Tackling the growing, global burden of dementia

September / October 2018 | Volume 17, Number 5

Two older women in Nigeria seated outdoors on a pile of rocks
©2003 Shehu Danlami Salihu, Courtesy of Photoshare

Eldery women in Nigeria.

By Shana Potash

Every 3 seconds, somewhere in the world, there’s a new case of dementia, according to Alzheimer’s Disease International (ADI). One of the most burdensome conditions, dementia robs people of their memories, reasoning and independence and takes a staggering physical, emotional and financial toll on the individual, their family and society at large. Many experts are predicting a global epidemic that is expected to hit low- and middle-income countries (LMICs) particularly hard.

Dementia is an umbrella term for several diseases that, for the most part, cause progressive changes in the brain that can affect thinking, behavior and the ability to perform even simple, everyday tasks. Alzheimer’s disease, the most common form, is believed to account for 60-70 percent of all cases. Increasingly, evidence suggests a combination of genetic, lifestyle and environmental factors influence the risk of dementia and how it progresses. With that, scientists are moving beyond a one-size-fits-all approach and are examining the heterogeneity of disease - how Alzheimer’s and related dementias differ among individuals and across groups.

Researchers throughout the world are coming together to discover new or better interventions to delay, treat or prevent dementia. And they’re studying how to support the wellbeing of family members who may experience anxiety, depression and other challenges as they tend to a loved one who needs round-the-clock care.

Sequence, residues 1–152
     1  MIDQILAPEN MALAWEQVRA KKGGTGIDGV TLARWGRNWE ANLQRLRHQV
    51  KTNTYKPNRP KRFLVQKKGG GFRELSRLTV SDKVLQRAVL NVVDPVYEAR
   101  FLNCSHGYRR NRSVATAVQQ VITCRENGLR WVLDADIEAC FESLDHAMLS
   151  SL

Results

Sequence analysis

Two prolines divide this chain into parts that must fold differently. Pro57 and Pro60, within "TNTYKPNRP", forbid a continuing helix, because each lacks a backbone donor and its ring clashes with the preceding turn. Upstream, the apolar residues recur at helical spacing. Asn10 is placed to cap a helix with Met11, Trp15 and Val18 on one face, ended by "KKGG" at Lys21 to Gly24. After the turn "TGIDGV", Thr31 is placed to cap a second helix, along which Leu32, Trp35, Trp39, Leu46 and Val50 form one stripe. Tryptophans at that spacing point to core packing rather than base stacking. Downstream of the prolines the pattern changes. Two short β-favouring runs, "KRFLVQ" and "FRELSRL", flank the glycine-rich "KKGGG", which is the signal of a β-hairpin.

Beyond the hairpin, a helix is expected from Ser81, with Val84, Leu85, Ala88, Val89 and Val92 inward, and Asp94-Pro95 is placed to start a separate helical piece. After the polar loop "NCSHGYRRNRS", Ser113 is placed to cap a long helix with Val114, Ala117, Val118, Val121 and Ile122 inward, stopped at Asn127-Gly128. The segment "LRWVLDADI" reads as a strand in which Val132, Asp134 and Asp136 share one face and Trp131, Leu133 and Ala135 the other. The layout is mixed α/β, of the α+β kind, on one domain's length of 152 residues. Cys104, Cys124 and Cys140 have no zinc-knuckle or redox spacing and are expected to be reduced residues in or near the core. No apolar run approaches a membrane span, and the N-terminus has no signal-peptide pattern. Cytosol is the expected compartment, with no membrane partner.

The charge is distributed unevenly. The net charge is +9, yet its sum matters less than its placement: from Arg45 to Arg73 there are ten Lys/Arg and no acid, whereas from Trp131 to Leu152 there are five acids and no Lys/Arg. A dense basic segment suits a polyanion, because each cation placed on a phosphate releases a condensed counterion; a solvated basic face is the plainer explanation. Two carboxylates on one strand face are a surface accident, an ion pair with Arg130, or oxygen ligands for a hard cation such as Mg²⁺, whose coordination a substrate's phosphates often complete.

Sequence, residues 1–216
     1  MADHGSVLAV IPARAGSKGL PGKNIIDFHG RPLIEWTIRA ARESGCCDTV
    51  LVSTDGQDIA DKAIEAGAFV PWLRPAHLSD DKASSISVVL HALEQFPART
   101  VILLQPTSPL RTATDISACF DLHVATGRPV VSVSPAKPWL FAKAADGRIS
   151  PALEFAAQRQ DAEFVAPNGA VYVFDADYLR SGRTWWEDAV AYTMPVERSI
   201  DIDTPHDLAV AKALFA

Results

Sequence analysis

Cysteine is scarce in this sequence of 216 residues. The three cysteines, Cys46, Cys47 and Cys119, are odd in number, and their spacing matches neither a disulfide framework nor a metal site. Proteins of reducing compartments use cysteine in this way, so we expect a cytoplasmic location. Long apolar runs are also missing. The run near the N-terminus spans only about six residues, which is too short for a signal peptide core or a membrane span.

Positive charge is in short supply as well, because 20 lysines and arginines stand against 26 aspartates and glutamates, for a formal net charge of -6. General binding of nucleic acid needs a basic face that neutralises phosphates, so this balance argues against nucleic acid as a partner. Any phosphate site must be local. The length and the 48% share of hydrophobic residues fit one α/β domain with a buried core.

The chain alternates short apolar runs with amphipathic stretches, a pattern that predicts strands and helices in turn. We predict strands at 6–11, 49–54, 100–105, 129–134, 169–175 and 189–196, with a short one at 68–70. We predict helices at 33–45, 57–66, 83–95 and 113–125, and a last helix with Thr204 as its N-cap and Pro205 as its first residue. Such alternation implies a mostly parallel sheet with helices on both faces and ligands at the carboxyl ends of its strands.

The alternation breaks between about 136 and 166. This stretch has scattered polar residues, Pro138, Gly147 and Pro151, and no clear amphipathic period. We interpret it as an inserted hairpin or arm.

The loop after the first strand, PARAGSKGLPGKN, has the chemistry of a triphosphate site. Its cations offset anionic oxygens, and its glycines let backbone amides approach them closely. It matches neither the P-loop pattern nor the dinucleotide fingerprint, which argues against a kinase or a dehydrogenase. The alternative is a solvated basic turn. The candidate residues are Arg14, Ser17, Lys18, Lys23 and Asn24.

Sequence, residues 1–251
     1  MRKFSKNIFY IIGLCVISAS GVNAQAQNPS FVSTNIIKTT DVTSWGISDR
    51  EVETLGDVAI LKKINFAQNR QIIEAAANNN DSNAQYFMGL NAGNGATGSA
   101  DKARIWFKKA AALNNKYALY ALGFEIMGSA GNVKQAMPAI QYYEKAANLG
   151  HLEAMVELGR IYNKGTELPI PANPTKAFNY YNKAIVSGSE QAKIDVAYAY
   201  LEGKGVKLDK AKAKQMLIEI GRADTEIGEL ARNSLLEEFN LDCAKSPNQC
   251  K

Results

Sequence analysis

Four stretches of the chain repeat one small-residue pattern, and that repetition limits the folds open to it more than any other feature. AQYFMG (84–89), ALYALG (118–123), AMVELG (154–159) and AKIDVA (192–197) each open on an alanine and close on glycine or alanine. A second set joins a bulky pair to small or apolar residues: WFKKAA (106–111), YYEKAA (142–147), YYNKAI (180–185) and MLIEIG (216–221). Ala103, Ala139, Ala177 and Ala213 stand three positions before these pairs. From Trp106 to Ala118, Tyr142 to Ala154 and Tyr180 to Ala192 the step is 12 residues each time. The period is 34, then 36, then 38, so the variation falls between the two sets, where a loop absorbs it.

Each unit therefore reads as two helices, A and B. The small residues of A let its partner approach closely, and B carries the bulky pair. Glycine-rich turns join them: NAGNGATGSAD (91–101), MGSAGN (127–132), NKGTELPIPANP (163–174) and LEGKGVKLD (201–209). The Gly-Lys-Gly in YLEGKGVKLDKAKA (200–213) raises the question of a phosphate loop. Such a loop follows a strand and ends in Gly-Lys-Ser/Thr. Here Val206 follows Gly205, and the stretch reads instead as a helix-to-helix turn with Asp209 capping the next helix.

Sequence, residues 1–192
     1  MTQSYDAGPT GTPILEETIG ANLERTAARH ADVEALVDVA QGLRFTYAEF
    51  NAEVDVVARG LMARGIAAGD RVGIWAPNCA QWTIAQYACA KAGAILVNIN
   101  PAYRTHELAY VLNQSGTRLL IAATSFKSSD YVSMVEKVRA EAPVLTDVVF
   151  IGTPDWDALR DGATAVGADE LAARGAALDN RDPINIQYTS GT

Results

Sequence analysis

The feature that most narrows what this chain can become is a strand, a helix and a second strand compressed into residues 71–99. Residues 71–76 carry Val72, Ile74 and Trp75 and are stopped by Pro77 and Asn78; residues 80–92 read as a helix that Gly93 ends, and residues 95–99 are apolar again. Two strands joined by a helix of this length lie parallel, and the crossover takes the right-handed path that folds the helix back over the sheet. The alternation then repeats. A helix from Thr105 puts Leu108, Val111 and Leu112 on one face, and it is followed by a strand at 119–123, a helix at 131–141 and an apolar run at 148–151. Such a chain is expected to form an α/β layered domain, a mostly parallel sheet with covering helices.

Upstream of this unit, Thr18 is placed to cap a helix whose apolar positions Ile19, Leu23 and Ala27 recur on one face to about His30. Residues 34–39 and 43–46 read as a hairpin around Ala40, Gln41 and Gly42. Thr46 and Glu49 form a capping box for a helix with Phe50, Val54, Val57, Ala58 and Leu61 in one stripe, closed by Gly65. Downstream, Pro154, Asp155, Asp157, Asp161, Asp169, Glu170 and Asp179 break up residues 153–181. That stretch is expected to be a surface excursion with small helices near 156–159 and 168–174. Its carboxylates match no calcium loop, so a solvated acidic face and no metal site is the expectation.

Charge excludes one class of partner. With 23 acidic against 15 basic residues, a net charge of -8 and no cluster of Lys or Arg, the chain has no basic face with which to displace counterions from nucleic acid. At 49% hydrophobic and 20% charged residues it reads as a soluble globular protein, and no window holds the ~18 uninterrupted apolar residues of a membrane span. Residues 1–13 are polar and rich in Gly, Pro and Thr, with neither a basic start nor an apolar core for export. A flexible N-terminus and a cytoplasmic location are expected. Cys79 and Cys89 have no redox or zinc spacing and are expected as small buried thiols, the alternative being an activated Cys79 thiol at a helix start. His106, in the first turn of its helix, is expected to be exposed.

Global dementia is forecast to rise
dramatically by 2050

Bar chart shows people with dementia in millions every 5 years from 2015 to 2050, comparing high income to low and middle income countries. LMICs far outpace HICs. See ADI website for source data.

Source: Alzheimer’s Disease International: World Alzheimer Report 2015

“This is a critical time in Alzheimer’s research, with new opportunities to build upon what we have learned,” said Dr. Richard Hodes, director of NIH’s National Institute on Aging (NIA). Equipped with increased federal funding and guided by recommendations resulting from regular stakeholder summits, NIA is leading the U.S. government’s research effort to prevent and effectively treat Alzheimer’s and related dementias by 2025, a goal of the National Plan to Address Alzheimer's Disease, established in 2012. “We must continue to foster creative approaches that leverage emerging scientific and technological advances, establish robust translational infrastructure for rapid and broad sharing of data and research tools, and work with funding partners and other stakeholders to cultivate and sustain an open science research ecosystem.”

NIH is supporting several international research collaborations to find treatment and prevention solutions, identify risk and protective factors, and collect comparable data that would enable analysis of worldwide trends. Also, a number of research and capacity building projects in LMICs have been supported through Fogarty’s brain disorders program, with funding from across NIH. To encourage more collaboration and coordination, NIA and the Alzheimer’s Association developed a database of publicly and privately funded research around the world, the International Alzheimer’s Disease Research Portfolio (IADRP).

Noting that only 15 percent of World Health Organization member states have a national plan to address dementia, WHO last year produced a global action plan that calls for a doubling of the output of global research on dementia by 2025.

More Information

Resources and publications related to the article Study in India sets stage for US tests of screening tool for cognitive impairment:

Resources and publications related to the article Brazilian brains focus of Alzheimer’s genomics research:

Resources and publications related to the article Fogarty grantees receive supplemental funding for training in Alzheimer’s disease and related dementias:

Resources and publications related to the article As dementia rises in Africa, urgent need for research:

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